Ever wondered why those at the top are always impatient with their subordinates? Do you feel unjustly accused of being a slow learner or a failure? Then you are in the right place. This post was written in October, 2013 and for some reason, I didn’t get around to posting it. But here we are, the post is finally published andI hope it helps you find out the answers you seek.
Let me start by defining the SR. The SR is an acronym for Senior Registrar, a title given to a senior resident in postgraduate medical training.
That said, let’s discuss the syndrome. Anyone who has ever been to a medical school will remember the all too familiar admonition that senior colleagues give: ‘you should know this topic already’, ‘when I was your age I had finished reading this textbook three times…’ and a host of statements berating the white cerebral matter of the junior colleague in question who is either a medical student or a junior resident in training.
The problem with this kind of admonition is the that such statements reflect the prevailing forgetfulness that has inflicted humanity since man began experiencing success. It is not uncommon to see a recently successful person suddenly forget all the pain and suffering (s)he experienced before attaining success neither is it out of place to find the pain in a pregnant woman suddenly vanish as soon as she delivers. Forgetfulness a.k.a amnesia has been one of man’s oldest friends save the dog, which probably explains why people forget that behind every act of perfection is a process of constant practice.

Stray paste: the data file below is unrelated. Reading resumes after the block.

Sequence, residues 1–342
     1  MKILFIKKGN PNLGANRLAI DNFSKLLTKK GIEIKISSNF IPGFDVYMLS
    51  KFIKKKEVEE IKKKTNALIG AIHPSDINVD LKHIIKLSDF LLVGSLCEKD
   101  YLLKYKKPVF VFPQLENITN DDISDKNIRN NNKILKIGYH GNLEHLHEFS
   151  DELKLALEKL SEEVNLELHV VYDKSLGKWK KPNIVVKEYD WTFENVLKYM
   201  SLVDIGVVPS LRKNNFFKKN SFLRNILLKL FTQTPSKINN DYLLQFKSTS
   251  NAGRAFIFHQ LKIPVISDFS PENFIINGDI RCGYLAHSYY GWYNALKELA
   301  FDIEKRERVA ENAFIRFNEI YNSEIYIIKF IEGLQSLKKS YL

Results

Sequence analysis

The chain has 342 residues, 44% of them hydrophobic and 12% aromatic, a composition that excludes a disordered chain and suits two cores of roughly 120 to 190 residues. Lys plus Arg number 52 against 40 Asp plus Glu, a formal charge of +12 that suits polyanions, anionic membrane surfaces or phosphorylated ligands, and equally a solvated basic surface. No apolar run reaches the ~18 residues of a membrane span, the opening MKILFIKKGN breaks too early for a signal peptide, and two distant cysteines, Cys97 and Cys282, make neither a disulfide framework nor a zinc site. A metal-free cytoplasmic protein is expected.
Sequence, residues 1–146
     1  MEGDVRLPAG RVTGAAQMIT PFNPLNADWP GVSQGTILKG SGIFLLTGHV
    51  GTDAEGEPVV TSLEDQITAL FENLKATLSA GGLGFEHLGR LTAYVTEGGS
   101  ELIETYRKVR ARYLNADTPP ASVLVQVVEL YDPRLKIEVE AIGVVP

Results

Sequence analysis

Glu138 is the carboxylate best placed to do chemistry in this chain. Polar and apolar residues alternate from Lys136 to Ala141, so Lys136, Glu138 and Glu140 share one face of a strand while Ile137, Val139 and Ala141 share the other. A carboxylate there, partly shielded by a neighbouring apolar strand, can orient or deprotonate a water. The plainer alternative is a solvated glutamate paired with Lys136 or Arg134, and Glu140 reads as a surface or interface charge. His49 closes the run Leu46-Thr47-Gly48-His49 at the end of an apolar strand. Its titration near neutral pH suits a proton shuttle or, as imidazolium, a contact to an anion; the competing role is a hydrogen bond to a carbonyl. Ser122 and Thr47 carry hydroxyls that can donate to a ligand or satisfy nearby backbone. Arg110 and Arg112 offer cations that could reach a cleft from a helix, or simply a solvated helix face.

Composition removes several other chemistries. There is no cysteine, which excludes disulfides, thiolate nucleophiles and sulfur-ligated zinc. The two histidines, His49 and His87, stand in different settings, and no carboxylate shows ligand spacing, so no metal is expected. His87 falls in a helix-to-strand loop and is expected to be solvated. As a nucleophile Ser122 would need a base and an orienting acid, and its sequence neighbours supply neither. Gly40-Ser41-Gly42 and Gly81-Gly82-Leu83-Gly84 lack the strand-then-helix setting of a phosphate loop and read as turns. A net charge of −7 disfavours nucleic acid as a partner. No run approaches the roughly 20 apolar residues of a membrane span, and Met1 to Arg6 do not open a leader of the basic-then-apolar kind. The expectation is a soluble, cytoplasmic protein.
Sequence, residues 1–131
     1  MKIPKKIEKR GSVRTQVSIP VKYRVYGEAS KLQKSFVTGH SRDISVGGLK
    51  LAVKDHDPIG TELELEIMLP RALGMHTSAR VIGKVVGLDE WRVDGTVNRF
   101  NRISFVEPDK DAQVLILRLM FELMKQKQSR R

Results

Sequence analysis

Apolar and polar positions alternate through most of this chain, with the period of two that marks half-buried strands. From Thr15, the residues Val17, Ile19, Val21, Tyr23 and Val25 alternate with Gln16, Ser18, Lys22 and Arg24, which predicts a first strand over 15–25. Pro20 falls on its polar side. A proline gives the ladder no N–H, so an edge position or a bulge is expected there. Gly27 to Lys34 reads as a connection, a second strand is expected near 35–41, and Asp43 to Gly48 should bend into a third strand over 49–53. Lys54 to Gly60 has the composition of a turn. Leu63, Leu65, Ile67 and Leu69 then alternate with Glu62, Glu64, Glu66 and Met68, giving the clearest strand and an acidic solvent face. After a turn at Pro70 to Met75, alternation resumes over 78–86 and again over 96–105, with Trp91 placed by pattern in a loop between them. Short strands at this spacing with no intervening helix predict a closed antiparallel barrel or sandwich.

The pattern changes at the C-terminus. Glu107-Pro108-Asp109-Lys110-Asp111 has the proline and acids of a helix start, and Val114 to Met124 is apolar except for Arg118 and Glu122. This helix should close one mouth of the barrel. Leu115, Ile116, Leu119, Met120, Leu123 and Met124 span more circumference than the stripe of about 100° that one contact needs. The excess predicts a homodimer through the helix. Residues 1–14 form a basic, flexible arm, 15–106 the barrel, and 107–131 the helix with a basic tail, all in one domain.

Back to our SR discussion, it is likely that the statements made by senior colleagues about the seemingly mental sluggishness of their junior colleagues are untrue and at best made under the influence of amnesia. I once met a consultant who said he had read the entire surgery text two times before his final year. Of course, no one believed him but we were bothered as to why he would concoct such a story (mind you, he wasn’t and isn’t the only one).
People who have reached the pinnacle of any discipline owe their proteges a duty to recollect the facts that they didn’t accomplish everything in one day, that they were once labelled dumb by those who knew it best and that they would have given up if they had not received that timely word of encouragement. That ability alone would instill patience into them as they deal with their seemingly slower underlings.
The failure to remember is largely responsible for the harsh teaching techniques in our schools that fail to bring out the best in students. It is what frustrates people who would otherwise have become geniuses in their chosen fields. It is what creates the mindset of ‘only the strongest survives’ and makes us no different from the beasts of the field.
Did I forget to say that the SR Syndrome occurs outside of medicine? In fact parents are the worst culprits. I do hope and pray that I don’t evolve into that kind of parent.
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